No. 19 looked and felt like so many others. A nauseating blend of untimely penalties, critical turnovers, what-ifs and coulda-beens.
The Huskers lost 26-20 at Iowa last week, moving Scott Frost’s record at Nebraska to 10-19. I didn’t think much of it because it followed the old themes. But in compiling NU’s latest 100 losses last week, a strange pattern emerged.
Turns out, you can learn a lot about this program’s struggles merely by focusing on each coach’s 19th loss.
Loss No. 19 for Frank Solich: his last as Nebraska coach. The 2003 Kansas State blowout inside Memorial Stadium triggered Steve Pederson to make a dramatic decision, firing Solich after a 9-3 season. Solich finished his NU career 58-19.
Loss No. 19 for Bill Callahan: the 2007 Texas A&M 36-14 drubbing in Lincoln. It was Tom Osborne’s first Saturday as interim athletic director. Another boss might have fired Callahan on the spot after a third straight blowout. Osborne waited another month.
Loss No. 19 for Bo Pelini: the 2012 Big Ten championship loss to Wisconsin, 70-31. Up to that point, Pelini was moving Husker football in the right direction. After the first quarter, we knew the program was in trouble. Pelini held on another two years, but his 19th loss was a devastating turning point.
Loss No. 19 for Mike Riley: the 2017 Iowa collapse, 56-14. Riley was destined to be fired no matter what, but getting outscored 42-0 after halftime at Memorial Stadium — to 6-5 Iowa — left an awful taste. Like Solich, Riley finished his Nebraska coaching career at 19 losses.
Frost’s 19 losses, by most measures, look slightly better on paper than his fired predecessors’ 19 losses.
Average margin of defeat:
Losses by 30 or more:
Losses by 7 or less:
Losses to unranked opponents:
But there’s one measurement — the most important one — that stands out like a flashing light.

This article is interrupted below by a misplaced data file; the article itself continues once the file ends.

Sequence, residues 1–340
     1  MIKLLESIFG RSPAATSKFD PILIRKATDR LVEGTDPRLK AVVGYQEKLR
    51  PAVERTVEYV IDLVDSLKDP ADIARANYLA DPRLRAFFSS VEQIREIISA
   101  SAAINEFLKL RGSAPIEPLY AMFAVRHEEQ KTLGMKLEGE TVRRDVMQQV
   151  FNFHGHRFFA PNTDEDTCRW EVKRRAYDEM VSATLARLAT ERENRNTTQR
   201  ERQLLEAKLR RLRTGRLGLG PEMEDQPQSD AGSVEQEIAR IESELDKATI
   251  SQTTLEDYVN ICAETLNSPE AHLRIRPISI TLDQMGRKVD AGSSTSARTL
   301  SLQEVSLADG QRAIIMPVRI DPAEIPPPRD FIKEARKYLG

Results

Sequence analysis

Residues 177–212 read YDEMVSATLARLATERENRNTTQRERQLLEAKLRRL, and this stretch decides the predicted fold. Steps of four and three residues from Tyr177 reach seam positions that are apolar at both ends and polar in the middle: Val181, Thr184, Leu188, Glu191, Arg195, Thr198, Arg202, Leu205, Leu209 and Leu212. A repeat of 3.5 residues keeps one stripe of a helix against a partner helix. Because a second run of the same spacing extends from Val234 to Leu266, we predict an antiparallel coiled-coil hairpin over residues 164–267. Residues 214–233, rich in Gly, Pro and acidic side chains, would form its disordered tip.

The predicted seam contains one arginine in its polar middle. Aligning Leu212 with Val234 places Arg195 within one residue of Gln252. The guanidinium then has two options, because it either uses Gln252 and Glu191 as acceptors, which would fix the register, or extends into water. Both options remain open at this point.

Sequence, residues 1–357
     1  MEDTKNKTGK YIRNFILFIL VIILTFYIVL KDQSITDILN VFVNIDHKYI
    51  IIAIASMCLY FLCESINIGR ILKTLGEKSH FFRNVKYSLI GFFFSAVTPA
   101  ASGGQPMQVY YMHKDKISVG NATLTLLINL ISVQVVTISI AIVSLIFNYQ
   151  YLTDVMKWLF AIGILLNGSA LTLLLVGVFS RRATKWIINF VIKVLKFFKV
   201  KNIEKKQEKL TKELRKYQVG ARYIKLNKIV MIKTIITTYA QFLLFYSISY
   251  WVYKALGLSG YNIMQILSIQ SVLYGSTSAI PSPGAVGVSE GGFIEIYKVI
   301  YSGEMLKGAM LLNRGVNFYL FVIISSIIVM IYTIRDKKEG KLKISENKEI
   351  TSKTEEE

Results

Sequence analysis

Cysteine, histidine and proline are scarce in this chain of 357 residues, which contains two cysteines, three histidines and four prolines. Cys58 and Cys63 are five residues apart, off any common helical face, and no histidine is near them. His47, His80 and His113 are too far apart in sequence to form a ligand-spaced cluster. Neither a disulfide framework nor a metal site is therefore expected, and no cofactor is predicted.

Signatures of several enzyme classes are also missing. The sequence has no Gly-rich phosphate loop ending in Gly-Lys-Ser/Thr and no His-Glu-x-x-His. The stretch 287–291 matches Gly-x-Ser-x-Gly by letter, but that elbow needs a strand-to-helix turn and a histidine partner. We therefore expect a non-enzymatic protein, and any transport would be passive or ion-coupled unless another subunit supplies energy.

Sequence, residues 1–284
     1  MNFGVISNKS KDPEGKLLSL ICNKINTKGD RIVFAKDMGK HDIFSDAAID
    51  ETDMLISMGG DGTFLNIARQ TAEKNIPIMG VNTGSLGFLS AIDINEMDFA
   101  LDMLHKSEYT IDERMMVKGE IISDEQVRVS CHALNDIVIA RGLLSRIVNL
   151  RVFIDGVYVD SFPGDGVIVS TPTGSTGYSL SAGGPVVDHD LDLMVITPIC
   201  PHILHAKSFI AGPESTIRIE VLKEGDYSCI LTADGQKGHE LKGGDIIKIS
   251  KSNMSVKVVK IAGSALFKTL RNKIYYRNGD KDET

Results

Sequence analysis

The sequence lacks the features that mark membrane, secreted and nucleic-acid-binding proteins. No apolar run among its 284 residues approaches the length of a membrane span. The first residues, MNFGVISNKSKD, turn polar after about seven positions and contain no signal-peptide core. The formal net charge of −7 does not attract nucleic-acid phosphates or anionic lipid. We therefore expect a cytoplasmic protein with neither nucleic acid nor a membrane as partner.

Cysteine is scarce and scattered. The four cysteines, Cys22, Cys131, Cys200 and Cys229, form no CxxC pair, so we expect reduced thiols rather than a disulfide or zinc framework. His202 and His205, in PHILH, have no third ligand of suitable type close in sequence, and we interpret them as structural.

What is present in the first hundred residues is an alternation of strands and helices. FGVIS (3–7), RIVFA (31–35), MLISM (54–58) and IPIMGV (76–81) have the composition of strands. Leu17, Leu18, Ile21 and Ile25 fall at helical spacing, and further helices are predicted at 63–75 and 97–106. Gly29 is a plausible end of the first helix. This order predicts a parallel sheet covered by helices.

How many games did they coach at Nebraska before reaching the 19th loss?
Pretty stunning. Frost would need to win nine straight to match Riley’s record through 38 games. He’d need to win 16 consecutive to match Callahan’s record through 45 games.
We can blame rotten luck or a bare cupboard, but facts are facts. Frost hasn’t been as bad as Husker coaches whom we consider failures. He’s been worse.
And by the time a coach loses No. 19, Huskers fans and administrators usually know what they have.
(For what it’s worth, Tom Osborne lost his 19th game in Year 8 to Florida State. Bob Devaney lost his 19th game in Year 11 at UCLA, Nebraska’s first defeat in almost three years.)
This time, Husker fans have to hope that No. 19 — and its hasty arrival — misrepresents Frost’s true progress.
But we should acknowledge that our expectations keep slipping, year after year. Setbacks that barely raise a stir in Frost’s third season would’ve incited outrage in Callahan’s third year, or even Riley’s.
Which brings us to why it feels so weird in Husker Nation right now.
On one hand, the losing feels unsustainable. How long can Frost labor like this before he collapses under the burden? How long can fans keep a spirit of hope befitting a Top 25 program with results befitting a Bottom 25 program?
There’s a reason that Kansas, Wake Forest and Illinois don’t have full stadiums. It’s agonizing to watch a program repeatedly lose.
On the other hand, what’s the alternative to perseverance? Nobody wants to consider the thought. Because if Scott Freaking Frost — the golden boy from Wood River, Osborne’s last national championship quarterback, the hottest coach on the market just three years ago — can’t win here, who can?
This time, there is no backup plan. No A.D. who might restore Nebraska’s dominance. No savior waiting for a phone call.
Has any coach in college football history ever had overwhelming fan support after a 10-19 start? Surely not. There’s a reason: Frost is too big to fail.
So Nebraska waits, as long as it takes. Nebraska hopes, as long as it can. But there is a cost to this flurry of disappointments. Each makes it a little bit harder to tune in for the next one, and the next one, and the next one. Eventually Husker football just isn’t worth the emotional investment.
Frost might lose another 19 games the next three seasons and still keep his job. That’s a needless argument. But if the losing pace doesn’t slow down, he risks something harder to quantify.
The faith and spirit of his sacred home state. The pride and joy of uniting a couple million people in a shared experience. The energy and fun of a college football Saturday.
That stuff matters more than a paycheck anyway.